Roguelites have a special place in my heart, especially in the midst of the existential void we live in. There’s something at once depressing, enraging and cathartic about them, like the drama graph but never-ending. Multiplayer games, on the other hand, are something I rarely enjoy. I just don’t see much fun in waiting 20 minutes for a five-minute game riddled with lag and dickheads in chat — though, I’ll admit, that says more about my internet connection than the games themselves.
Nonetheless, when I heard that Devolver Digital was publishing an Australian-made game using the phrase “asynchronous multiplayer”, I was curious… Mostly as to what that even means. After playing developer Team WIBY’s Phantom Abyss, I can now confidently say that “asynchronous multiplayer” means “single-player with extra steps.”
Let’s start with the basic stuff. The art style is… well, it’s consistent. It doesn’t do much for me, but it’s competently made and consistently applied. The various levels are clearly separated by ambient lighting: starting green, then blue, then red. Team WIBY isn’t going to bowl anyone over with the visuals here, and the same goes for Phantom Abyss’s sound design. It does the job it needs to, which in this game is not drowning out the podcast I put on in the background. Combined with the fairly simple visuals, Phantom Abyss fits neatly into a growing mass of games that feel almost designed to be played while listening to podcasts.
Phantom Abyss’s gameplay is a strange intersection of a Mirror’s Edge-style first-person free runner and a puzzle platformer. This mostly works. The levels are fairly linear and the way through is effectively signposted. You have a grappling whip (yes, a grappling whip) that lets you jam traps or swing to and fro like a little insect. Since this involves getting up high, there are a few times you’ll be falling and, to avoid fall damage, you have to roll. This may cause motion sickness as the room spins, and it takes practice (and you may find yourself rolling into a few spike traps), but there’s no denying the feeling you get from nailing a roll after running across a room full of traps.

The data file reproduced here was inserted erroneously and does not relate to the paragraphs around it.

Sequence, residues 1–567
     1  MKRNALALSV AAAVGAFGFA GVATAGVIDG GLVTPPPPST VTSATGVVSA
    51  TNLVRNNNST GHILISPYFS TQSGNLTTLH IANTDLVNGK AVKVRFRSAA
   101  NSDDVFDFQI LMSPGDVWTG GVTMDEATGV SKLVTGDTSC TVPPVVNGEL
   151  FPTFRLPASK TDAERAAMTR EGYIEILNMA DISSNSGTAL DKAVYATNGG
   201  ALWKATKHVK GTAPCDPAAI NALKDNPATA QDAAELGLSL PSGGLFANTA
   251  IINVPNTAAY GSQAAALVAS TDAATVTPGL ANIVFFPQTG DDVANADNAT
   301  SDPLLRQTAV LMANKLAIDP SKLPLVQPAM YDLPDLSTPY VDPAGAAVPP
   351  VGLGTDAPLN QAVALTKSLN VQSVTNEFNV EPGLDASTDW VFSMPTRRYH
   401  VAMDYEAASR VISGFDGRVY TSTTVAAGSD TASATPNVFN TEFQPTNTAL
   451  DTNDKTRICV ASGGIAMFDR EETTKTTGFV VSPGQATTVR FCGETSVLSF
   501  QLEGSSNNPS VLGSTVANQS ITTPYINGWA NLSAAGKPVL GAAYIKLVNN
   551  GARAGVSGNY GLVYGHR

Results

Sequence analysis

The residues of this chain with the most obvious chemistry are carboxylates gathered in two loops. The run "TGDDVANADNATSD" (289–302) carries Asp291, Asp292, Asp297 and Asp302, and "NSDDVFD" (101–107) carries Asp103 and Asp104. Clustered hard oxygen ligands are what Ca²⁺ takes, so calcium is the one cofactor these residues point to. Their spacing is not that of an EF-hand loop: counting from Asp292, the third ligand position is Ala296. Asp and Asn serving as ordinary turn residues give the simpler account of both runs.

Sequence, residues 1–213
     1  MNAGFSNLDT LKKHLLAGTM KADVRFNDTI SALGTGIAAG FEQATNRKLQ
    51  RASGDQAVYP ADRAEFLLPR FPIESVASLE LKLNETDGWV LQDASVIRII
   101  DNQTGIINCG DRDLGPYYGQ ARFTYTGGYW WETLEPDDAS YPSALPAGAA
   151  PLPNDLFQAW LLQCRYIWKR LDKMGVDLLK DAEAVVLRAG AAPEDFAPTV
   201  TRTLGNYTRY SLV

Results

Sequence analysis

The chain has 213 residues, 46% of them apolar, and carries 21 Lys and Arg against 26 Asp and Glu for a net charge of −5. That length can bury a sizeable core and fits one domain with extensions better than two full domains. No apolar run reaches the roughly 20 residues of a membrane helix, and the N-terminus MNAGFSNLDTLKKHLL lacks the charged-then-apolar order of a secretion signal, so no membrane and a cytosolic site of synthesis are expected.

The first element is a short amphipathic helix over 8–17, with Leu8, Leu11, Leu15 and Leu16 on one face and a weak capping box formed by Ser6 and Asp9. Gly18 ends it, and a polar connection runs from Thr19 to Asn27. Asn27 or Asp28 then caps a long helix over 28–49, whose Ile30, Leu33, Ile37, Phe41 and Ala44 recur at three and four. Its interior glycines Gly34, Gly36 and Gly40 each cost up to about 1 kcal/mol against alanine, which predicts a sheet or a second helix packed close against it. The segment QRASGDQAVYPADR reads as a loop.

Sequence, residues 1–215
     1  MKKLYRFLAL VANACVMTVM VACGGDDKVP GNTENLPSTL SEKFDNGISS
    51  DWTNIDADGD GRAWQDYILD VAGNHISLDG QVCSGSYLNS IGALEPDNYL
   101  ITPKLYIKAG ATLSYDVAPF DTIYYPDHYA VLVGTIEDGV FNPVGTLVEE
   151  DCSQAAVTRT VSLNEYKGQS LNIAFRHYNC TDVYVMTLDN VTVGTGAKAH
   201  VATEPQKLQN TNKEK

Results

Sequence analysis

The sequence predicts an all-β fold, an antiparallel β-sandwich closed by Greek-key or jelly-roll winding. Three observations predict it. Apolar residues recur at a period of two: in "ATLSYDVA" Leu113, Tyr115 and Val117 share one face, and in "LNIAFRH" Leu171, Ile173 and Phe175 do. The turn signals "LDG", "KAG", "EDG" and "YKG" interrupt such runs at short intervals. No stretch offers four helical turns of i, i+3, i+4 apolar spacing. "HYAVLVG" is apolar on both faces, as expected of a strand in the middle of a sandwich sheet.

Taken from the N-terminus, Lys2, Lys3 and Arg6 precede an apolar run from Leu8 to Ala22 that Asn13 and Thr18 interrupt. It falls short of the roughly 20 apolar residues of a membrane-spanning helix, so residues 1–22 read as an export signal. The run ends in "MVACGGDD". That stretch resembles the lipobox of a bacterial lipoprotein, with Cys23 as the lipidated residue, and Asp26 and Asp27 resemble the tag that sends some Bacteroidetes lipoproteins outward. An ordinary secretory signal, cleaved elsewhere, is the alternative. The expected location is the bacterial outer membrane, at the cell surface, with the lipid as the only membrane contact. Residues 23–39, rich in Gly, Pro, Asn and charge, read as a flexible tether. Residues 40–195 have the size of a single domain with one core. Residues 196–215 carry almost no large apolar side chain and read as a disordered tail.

The complication to this is that you only have three lives, and every bit of damage you take reduces your life count by one. You can heal yourself or get other bonuses at the end of every level by spending the gems you find hidden in each map. This wouldn’t be too difficult, but every map has you being chased by an incrementally faster and more powerful monster, so it becomes a choice between getting the money you need to heal yourself, and just plain surviving.
That brings us to a drawback of roguelites: they depend on a delicate balance between entertainment and the rising suspicion that you’re being fucked about. For that reason, my tolerance for Phantom Abyss was a little lower than in other games. That’s not to say I hate it, just that it’s best enjoyed in short bursts.
You may have noticed I haven’t delved into the arcane secrets of the “asynchronous multiplayer”. That’s because it doesn’t matter a whole lot.
It’s an interesting idea, but at its core, you just see the ghosts of other players that died along the way. This seems like a neat idea, and it certainly doesn’t take anything away, but in most runs, I’m either concentrating on not dying too much to notice them, or I’m focusing more on a podcast, so I don’t see what Team WIBY gained by putting the mechanic into a perfectly serviceable game… Other than giving Devolver Digital the ability to shout “hey, look at our asynchronous multiplayer platformer!” and ship a bunch of copies before everyone catches on.
Overall, though, while they don’t add much to the game itself, those “asynchronous multiplayer” mechanics don’t take anything away from Phantom Abyss. Whether you engage with them or ignore them, what you’re left with is a fun, engaging roguelite platformer that’s worth a look if you’re a fan of the genre.
Phantom Abyss is an engaging platformer with some unnecessary multiplayer mechanics. However, these superfluous mechanics are mostly unintrusive, and the game as a whole is adequate.
Callum reviewed Phantom Abyss using a retail Steam code provided by Devolver Digital.
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